The “gotcha” research on charter schools and innovation continues, with the latest aimed at K12 Inc.’s online schools. There are plenty of important policy and oversight research questions around the performance of charter schools and online schools, but unsupported claims like the latest from the National Education Policy Center (NEPC) are frustrating and unproductive.
The authors, Gary Miron and Jessica Urschel, compare average test scores of schools operated by online education provider K12 with conventional and charter schools operating in the same states. Miron and Urschel conclude that the overall performance in K12 operated schools is “weak” and make broad recommendations for policy on online learning.
The NEPC analysis, however, tells us nothing about whether the students attending these schools are better or worse off as a result of attending. This is because kids and families who choose online schools are not at all like those who don’t. Many teenage students go online after getting into serious trouble at school or because of a traumatic or disruptive event, such as a pregnancy or death in the family. For these students, having a full time online learning option can be a critical bridge during a difficult time, allowing them to re-enter the traditional school system after their crisis has passed. For many the alternative to on-line schooling is not being in school at all.
The performance of these students before they enter K12 is not like that of their peers in conventional schools. It’s impossible to know what value the program adds to their learning without taking that fact into account.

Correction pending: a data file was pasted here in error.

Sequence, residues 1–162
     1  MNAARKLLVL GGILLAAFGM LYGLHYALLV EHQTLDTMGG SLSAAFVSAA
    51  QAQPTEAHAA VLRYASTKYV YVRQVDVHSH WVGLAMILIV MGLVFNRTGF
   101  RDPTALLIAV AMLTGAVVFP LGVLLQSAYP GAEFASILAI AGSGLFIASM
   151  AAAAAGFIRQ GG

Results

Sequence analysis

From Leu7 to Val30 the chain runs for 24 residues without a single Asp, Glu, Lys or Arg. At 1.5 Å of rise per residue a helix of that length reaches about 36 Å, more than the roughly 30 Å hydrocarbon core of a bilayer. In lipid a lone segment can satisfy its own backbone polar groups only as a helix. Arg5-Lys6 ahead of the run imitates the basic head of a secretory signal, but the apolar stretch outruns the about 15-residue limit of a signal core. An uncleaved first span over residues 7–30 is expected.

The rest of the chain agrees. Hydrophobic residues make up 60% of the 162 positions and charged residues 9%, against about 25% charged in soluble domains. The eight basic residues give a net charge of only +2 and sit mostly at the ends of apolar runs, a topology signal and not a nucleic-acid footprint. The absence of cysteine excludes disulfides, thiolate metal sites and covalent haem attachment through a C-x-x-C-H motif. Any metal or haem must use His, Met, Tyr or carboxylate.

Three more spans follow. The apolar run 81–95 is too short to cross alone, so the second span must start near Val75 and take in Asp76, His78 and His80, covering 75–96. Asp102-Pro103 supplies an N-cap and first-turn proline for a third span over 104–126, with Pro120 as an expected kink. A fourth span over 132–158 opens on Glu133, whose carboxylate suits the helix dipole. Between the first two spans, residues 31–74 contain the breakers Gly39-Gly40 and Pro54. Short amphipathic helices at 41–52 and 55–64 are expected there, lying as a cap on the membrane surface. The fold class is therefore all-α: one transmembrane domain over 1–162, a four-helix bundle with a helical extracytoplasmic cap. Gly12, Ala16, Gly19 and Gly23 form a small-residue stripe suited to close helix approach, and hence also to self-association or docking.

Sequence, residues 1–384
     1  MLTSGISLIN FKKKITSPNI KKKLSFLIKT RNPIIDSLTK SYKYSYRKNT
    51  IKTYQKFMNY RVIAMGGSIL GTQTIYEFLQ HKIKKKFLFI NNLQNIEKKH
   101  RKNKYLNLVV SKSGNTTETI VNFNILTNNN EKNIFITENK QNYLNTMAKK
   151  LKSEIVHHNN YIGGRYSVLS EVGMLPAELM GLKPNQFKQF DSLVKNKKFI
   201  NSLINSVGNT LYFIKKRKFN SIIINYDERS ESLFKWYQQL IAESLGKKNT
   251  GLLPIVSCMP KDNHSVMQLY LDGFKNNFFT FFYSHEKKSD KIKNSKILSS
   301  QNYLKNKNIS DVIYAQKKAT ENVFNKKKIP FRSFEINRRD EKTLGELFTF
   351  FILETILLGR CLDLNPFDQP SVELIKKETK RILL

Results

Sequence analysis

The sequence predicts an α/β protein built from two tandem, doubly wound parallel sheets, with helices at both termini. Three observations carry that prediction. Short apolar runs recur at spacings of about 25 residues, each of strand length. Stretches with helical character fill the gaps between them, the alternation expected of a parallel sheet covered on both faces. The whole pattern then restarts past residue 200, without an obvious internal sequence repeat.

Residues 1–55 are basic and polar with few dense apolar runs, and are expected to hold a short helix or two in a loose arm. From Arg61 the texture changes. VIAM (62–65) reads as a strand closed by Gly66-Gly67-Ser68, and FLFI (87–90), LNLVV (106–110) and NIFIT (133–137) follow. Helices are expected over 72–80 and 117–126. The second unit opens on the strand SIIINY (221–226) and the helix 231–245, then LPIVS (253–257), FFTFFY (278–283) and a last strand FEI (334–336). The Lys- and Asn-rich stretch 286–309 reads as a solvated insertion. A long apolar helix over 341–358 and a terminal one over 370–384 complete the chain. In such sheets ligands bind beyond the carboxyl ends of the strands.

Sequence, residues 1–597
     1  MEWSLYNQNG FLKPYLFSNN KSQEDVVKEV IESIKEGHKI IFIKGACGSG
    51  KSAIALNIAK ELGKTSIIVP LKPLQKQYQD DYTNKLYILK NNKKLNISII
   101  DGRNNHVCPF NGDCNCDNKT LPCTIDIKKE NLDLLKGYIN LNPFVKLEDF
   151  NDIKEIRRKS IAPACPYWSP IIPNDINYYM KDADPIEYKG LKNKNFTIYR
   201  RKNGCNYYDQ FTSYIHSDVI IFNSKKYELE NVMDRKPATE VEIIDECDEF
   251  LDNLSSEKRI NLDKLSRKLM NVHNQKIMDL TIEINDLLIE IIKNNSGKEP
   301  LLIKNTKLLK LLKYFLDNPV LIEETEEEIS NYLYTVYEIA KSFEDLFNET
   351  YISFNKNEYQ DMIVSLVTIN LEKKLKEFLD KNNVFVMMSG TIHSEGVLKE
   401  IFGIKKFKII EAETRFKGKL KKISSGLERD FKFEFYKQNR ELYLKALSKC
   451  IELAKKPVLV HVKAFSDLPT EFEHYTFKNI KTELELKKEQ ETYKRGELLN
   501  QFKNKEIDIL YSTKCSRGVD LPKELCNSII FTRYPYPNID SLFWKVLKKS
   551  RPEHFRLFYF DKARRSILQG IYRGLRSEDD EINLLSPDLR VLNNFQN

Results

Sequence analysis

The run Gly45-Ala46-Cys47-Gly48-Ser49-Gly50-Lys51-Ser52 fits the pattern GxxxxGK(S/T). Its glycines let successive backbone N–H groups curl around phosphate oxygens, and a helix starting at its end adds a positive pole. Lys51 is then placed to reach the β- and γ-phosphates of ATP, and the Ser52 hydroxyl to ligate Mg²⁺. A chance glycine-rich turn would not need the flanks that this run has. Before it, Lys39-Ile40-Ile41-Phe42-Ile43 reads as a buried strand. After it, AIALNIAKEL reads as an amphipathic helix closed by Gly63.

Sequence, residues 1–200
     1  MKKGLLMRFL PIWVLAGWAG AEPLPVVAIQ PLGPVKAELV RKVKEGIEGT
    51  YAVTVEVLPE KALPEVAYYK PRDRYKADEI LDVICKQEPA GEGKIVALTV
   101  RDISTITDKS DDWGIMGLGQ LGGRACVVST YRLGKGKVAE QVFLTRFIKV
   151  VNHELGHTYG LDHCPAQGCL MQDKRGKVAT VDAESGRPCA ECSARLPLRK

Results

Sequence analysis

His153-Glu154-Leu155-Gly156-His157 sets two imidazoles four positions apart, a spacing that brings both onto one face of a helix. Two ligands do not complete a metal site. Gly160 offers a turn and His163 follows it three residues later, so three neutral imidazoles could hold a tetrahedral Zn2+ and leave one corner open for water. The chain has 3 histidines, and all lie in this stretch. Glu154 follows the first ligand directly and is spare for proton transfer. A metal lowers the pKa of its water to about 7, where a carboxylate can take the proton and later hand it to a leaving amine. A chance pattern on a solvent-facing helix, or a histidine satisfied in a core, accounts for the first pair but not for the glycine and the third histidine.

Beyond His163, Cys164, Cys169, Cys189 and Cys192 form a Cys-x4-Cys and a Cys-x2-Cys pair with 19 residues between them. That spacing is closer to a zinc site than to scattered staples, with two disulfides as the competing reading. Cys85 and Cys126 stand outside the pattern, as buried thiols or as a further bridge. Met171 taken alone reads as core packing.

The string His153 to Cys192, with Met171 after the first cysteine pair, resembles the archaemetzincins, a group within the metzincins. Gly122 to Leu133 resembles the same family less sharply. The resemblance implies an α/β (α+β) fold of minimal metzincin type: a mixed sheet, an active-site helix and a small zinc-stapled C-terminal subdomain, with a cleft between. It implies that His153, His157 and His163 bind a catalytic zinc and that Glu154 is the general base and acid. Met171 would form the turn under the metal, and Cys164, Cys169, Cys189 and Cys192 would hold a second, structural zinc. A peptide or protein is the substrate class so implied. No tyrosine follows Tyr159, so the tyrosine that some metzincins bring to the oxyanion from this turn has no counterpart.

Any serious study of the impact of online programs, then, has to assess individual student trajectories, rather than making comparisons with all kids who are in regular schools. If kids are coming to the program five grade levels behind but leaving a year later only two grade levels behind, the NEPC paper would call that weak performance. Families might call that a game changing success, allowing a student to rejoin peers and get back on track to graduate.
Online learning is exploding in popularity, both among families who are looking for ways to serve kids who need public school options and by public school teachers and principals who want to find ways to create more personalized and effective classroom environments. We need more and rigorous studies of the diverse array of learning technologies available and thoughtful oversight policies, not a rush to judgment based on apples-to watermelon-comparisons.